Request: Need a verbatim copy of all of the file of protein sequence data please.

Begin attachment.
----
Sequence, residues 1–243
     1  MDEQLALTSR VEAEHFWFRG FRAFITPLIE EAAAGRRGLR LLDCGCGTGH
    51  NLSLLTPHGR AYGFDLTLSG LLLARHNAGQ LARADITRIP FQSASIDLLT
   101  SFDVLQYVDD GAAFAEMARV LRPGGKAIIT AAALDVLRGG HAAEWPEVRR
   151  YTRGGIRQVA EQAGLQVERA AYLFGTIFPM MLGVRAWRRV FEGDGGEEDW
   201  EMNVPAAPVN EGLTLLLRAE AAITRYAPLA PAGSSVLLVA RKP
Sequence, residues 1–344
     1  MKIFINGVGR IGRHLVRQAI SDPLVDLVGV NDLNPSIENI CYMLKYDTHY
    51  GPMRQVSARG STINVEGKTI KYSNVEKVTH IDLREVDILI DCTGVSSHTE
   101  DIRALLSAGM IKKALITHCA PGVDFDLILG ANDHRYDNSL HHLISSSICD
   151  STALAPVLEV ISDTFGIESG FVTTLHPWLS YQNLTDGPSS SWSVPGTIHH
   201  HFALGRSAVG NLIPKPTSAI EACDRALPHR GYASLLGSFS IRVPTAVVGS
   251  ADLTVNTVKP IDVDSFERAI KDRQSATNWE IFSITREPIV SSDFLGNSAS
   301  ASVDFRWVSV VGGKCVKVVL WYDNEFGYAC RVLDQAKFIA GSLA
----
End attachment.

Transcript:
Sequence, residues 1–243
     1  MDEQLALTSR VEAEHFWFRG FRAFITPLIE EAAAGRRGLR LLDCGCGTGH
    51  NLSLLTPHGR AYGFDLTLSG LLLARHNAGQ LARADITRIP FQSASIDLLT
   101  SFDVLQYVDD GAAFAEMARV LRPGGKAIIT AAALDVLRGG HAAEWPEVRR
   151  YTRGGIRQVA EQAGLQVERA AYLFGTIFPM MLGVRAWRRV FEGDGGEEDW
   201  EMNVPAAPVN EGLTLLLRAE AAITRYAPLA PAGSSVLLVA RKP
Sequence, residues 1–344
     1  MKIFINGVGR IGRHLVRQAI SDPLVDLVGV NDLNPSIENI CYMLKYDTHY
    51  GPMRQVSARG STINVEGKTI KYSNVEKVTH IDLREVDILI DCTGVSSHTE
   101  DIRALLSAGM IKKALITHCA PGVDFDLILG ANDHRYDNSL HHLISSSICD
   151  STALAPVLEV ISDTFGIESG FVTTLHPWLS YQNLTDGPSS SWSVPGTIHH
   201  HFALGRSAVG NLIPKPTSAI EACDRALPHR GYASLLGSFS IRVPTAVVGS
   251  ADLTVNTVKP IDVDSFERAI KDRQSATNWE IFSITREPIV SSDFLGNSAS
   301  ASVDFRWVSV VGGKCVKVVL WYDNEFGYAC RVLDQAKFIA GSLA